Guest Blog: You Don’t Know What They Can’t See: A Community Call to Action During Children’s Eye Health and Safety Month

By: Donna Fishman, MPH, Director, National Center for Children’s Vision and Eye Health at Prevent Blindness

Children don’t know they can’t see.” Vision disorders are oftentimes invisible to families. Children with blurry vision don’t know if there are leaves on trees or eyes on their stuffed giraffe. They don’t know how to tell their parents their vision is blurry because they think they see just like everyone else.

You don’t know what you don’t know,” reported a mom of a child with special needs when asked about not recognizing vision impairment in her young daughter. Unlike messy rooms, vision impairments are not always easy to detect and correct on your own.

Vision disorders are the fourth most common disability in children in the U.S., and the cost amounts to $10 billion per year. One in four school-age children has a vision disorder requiring treatment and up to 3% of children have amblyopia, or “lazy eye.” The risk of vision disorders is higher in children with special needs, and vision care is one of the largest, unmet needs in this population.

During August, Prevent Blindness observes Children’s Eye Health and Safety Month to raise awareness about the importance of good vision for early childhood development, learning, mental and emotional health, better classroom attention, and social engagement.

Every sector plays a role in ensuring good vision for children. In an ideal world:  

  • The early childhood education and care sector works to screen and refer young children who are most at risk of vision loss.
  • The education sector, through school-based health programs, assesses student health needs, providing vision screenings and referrals to eye examinations.
  • The health care sector assesses children’s vision as part of well-child visits and refers for eye care.
  • The eye care sector creates access to quality care for families who utilize public insurance, are uninsured or underinsured, speak a multitude of languages, and represent a diversity of backgrounds.
  • The public health system conducts surveillance, public education, engages community partners, and enacts policies that support access to care and treatment.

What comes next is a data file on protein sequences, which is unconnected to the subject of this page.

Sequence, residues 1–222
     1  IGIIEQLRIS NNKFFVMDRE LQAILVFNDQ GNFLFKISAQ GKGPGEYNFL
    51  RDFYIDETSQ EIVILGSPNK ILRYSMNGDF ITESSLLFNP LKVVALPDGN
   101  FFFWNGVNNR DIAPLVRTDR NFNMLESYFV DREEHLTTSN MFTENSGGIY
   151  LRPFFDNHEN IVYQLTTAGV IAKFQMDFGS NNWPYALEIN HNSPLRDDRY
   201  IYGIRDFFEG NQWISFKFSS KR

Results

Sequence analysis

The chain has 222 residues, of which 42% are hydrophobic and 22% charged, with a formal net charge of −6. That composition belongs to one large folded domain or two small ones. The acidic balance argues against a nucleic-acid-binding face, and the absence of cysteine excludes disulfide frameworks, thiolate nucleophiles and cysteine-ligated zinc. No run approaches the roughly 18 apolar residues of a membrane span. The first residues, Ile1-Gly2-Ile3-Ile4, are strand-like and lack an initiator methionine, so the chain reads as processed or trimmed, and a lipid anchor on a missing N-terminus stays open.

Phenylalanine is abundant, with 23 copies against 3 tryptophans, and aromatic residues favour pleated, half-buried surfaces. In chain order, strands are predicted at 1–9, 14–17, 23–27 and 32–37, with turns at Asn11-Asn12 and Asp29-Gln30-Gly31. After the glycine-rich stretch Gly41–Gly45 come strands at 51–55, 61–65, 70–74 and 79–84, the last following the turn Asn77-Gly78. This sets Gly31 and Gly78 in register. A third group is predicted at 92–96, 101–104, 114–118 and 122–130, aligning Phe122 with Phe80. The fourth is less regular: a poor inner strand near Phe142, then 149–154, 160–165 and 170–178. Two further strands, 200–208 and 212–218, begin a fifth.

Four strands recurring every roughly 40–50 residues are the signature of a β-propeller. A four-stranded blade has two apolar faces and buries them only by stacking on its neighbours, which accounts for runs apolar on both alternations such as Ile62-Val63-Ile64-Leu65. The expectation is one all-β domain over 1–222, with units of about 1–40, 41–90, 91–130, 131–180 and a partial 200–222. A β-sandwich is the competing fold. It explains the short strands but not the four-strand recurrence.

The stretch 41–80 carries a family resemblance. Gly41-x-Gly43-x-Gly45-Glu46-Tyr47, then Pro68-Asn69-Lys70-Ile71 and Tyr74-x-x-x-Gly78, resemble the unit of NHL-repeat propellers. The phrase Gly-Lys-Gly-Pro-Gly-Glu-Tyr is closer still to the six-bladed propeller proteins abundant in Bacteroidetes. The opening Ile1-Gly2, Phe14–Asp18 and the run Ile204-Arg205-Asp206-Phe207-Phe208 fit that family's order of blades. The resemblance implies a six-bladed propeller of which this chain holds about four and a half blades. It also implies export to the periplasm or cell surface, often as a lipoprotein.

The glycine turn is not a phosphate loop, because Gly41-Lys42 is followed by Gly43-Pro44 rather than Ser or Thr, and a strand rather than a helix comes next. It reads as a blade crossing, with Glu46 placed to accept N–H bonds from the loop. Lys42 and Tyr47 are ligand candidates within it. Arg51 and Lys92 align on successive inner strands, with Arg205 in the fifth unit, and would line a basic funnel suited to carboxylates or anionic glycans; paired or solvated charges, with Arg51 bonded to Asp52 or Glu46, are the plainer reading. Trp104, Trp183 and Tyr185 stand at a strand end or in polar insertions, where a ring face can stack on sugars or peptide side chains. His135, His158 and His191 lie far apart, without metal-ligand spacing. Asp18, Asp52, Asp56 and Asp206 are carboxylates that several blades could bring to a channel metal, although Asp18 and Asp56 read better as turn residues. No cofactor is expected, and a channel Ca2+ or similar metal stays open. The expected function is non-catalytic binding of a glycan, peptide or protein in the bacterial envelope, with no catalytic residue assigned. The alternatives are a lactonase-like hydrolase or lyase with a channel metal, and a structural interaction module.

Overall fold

However, the current systems are fragmented across states and communities — underfunded, overburdened, and inequitable — leaving families (especially those experiencing socially determined barriers to care) with immense barriers to access eye care and treatment. Data from the National Survey of Children’s Health shows that children of families in rural areas with low incomes or low educational levels, where English is not the primary language spoken at home, and/or without consistent medical homes or insurance have lower rates of vision screening and eyecare. Without a diagnosis, there is no treatment.

During Children’s Eye Health and Safety Month, we recognize that the tools to collaborate as professional organizations, communities, and associations, improve systems that foster equitable access to vision and eye care for children, and assist families in their quest for information and care to help their young ones enjoy a lifetime of healthy vision, are within our reach.

Families are a critical part of a child’s health care team. Because vision is central to so much of what we do, the observations and questions that come up in day-to-day life can be critical information to share with health care and eye care providers, especially for families of children with special needs.

Nicole, who did not recognize her daughter’s vision problem, now says that the diagnosis presented “an opportunity” to learn more and receive support from other parents of children with special needs. Her own volunteerism led her to Prevent Blindness’ ASPECT program. “She [the daughter] is more than her diagnosis, but she’s not set apart from her diagnosis,” shares Nicole. She also shares this advice for parents, “Ask questions, understand the process and mindset of a provider, and share your story with — and become a member of — the health care team.” She encourages providers to listen to information from parents, support families, and avoid making assumptions about families.

Stephanie, a mom of two children with vision disorders, highlights the importance of self-advocacy for children with low vision. “I strongly believe that if a child starts early and progressively develops this skill, they have a better chance for academic and personal success,” she says. “This is extremely important when you consider that many adults with visual impairments are, unfortunately, unemployed (about 55%). It is up to parents and professionals to teach, model, and find opportunities for children’s self-advocacy.”

Together, we can create systems where families receive support and children have the best chance for their best sight possible.

For more information, please contact and visit A Lifetime of Healthy Vision – National Center (

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